Those of us who are grammatically challenged can always use a helpful guide to keep our punctuation copacetic. The very witty new book titled Fucking Apostrophes by British copywriter Simon Griffin may be just the ticket. The clever little grammar guide clarifies some common usage errors when applying that dangly bit at the end of words. Check out the entire story at the book’s website.
Healthcare company Treated.com calculated how many calories that you could burn by avoiding the subway in New York City. The handy map and chart show how to get some exercise in while saving the time that you’d waste waiting for the train.
Amsterdam’s celebrated Rijksmuseum has recently banned cameras and phone photography. Instead, the world famous art museum is encouraging visitors to draw or sketch the artworks. The institution has even created a project called StartDrawing that offers free sketchbooks, pencils, easels, and drawing classes to the visiting public.
Here’s some travel terminology every flyer needs to master compiled by Mashable.com in a very funny, tongue-in-cheek air travel lexicon.
This recently released film by French artist JR could not be more timely. The short film simply titled Ellis stars Robert De Niro and was written by Eric Roth. Ellis follows a young immigrant’s experience in search of a new life and home in America.
At the heart of the film is the former Ellis Island immigration center in New York Harbor. Now a moving museum complex, the center welcomed more than 12 million migrants to the United States between 1892 and 1954.
Montreal-based comic book artist and illustrator Julian Peters has created a terrific graphic version of T.S. Eliot’s classic poem “The Love Song of J. Alfred Prufrock”. Here’s a sample, but you can see the rest in its entirety on Peters’ blog.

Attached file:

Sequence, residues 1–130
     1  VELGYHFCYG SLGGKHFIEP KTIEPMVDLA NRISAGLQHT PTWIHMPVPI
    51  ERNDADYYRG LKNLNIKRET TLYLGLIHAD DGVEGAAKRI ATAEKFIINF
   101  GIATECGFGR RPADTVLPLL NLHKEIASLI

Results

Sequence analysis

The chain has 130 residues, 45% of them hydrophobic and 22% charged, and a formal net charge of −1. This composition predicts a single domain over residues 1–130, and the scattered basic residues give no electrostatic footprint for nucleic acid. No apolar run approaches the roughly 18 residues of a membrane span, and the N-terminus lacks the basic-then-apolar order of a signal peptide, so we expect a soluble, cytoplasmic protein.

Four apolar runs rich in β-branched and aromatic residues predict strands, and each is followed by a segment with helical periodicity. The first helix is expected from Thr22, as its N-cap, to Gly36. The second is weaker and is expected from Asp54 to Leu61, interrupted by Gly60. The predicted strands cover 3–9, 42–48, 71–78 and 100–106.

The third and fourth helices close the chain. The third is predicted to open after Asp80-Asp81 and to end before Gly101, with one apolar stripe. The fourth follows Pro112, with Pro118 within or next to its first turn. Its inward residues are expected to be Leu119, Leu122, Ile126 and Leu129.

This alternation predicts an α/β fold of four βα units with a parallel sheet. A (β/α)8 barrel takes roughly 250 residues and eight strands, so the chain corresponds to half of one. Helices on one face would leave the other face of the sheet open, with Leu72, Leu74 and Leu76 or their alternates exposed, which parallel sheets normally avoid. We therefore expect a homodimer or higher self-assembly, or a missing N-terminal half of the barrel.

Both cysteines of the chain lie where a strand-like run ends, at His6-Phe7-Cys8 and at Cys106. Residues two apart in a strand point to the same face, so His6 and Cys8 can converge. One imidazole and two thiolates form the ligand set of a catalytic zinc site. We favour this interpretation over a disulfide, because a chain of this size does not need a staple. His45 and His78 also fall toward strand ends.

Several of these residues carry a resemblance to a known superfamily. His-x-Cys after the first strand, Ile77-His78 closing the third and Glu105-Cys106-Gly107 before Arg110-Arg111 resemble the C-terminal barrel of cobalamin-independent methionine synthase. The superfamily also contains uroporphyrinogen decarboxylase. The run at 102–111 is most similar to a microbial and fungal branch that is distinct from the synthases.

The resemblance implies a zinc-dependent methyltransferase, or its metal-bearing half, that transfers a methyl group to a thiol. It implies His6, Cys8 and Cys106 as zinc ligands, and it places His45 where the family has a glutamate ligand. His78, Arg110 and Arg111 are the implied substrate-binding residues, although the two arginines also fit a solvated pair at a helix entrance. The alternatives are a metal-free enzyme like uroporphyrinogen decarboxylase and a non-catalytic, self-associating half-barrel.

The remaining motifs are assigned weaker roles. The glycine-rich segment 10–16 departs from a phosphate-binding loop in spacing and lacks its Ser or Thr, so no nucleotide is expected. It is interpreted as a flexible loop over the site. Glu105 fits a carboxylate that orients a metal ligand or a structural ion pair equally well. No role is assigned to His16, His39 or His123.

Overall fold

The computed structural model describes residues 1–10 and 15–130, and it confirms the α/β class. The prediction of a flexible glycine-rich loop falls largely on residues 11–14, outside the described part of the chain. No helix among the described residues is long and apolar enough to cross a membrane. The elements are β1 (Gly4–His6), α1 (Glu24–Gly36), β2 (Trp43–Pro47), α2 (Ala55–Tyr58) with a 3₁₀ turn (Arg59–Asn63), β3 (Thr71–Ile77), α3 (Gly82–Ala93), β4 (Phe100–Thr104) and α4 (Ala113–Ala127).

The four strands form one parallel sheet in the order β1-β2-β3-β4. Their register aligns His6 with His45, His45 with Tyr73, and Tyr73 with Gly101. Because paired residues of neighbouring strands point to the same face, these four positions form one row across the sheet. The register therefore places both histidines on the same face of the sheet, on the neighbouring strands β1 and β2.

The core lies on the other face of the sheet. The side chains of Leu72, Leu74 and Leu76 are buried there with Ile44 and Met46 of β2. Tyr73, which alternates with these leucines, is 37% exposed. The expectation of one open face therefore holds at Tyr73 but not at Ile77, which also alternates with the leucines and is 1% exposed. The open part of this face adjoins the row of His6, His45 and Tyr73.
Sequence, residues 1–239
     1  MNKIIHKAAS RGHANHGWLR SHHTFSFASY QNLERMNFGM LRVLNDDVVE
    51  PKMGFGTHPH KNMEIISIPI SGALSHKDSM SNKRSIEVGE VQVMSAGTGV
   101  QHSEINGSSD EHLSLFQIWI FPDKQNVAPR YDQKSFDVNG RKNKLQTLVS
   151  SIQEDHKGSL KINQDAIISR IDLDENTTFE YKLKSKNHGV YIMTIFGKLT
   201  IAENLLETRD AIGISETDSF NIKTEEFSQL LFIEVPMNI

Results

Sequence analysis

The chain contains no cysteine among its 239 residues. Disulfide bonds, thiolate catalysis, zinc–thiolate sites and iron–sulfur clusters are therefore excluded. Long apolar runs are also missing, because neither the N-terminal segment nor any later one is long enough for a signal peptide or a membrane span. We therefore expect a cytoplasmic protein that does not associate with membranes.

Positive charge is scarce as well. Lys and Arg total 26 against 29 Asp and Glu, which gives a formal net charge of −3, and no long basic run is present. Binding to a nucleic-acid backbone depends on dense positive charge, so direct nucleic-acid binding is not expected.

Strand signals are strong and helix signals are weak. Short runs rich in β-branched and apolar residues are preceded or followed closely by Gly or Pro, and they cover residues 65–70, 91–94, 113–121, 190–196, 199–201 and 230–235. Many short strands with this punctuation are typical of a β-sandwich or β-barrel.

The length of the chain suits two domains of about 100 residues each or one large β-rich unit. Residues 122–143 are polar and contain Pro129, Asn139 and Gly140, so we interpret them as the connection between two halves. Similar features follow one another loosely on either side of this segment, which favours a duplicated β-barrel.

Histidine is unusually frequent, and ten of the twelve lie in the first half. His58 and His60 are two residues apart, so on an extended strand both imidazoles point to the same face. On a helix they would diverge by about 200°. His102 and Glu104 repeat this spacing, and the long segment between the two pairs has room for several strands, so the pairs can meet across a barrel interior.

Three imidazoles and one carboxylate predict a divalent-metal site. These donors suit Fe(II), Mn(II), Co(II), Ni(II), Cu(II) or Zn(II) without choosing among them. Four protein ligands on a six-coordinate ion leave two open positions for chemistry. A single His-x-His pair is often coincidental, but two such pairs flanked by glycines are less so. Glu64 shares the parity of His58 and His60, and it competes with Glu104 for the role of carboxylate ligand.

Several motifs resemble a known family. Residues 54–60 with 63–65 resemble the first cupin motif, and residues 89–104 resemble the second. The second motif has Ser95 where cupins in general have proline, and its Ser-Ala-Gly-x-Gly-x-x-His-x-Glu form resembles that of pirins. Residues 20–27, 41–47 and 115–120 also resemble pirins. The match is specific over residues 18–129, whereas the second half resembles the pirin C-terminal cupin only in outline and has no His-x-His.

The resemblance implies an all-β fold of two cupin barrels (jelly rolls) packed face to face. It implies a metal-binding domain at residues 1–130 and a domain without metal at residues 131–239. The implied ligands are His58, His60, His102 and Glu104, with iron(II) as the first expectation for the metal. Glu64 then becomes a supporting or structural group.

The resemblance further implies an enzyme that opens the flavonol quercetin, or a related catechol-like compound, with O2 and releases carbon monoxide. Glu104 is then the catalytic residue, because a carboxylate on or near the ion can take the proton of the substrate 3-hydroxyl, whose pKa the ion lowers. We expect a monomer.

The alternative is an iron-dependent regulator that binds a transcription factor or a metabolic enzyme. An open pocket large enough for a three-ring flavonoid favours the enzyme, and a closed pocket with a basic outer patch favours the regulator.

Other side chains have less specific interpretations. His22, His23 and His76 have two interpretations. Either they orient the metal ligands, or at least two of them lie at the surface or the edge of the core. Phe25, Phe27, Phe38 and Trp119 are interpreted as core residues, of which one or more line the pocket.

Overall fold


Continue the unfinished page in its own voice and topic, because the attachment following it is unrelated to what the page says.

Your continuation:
On December 18th, the new Bollywood film Dilwale starring the always popular Shah Rukh Khan and Kajol will be released. Nothing unusual about that. What’s noteworthy is that the movie was filmed in South Iceland. The trailer below offers sweeping cinematic glimpses of black beaches, lofty mountains, majestic waterfalls like Skógarfoss, Seljalandsfoss, and Svartafoss, and the glorious glacier lagoon at Jökulsárlón.
One of my favorite museums in the world is the awesome British Museum in London. Every time that I visit the UK capital, I try and spend at least a few hours there. Now we can all pop into this extraordinary institution without dropping a bundle on a plane ticket to London because the British Museum has partnered with Google so that we can see more than 4,500 objects from the collection from the comfort of our digital devices.
Using Google Maps technology, the Google Cultural Institute offers the opportunity to virtually wander the British Museum at our leisure. Check it out right here.
If you have ever visited the awe-inspiring King’s College Chapel in Cambridge, or if you have seen the wonderful holiday choir concerts from the 16th century English Perpendicular Gothic church, you will enjoy the short film below from a trippy light show presented there a few weeks ago.
The magical and poetic projections were created by Mexican artist Miguel Chevalier to accompany speeches by local luminaries such as Stephen Hawking.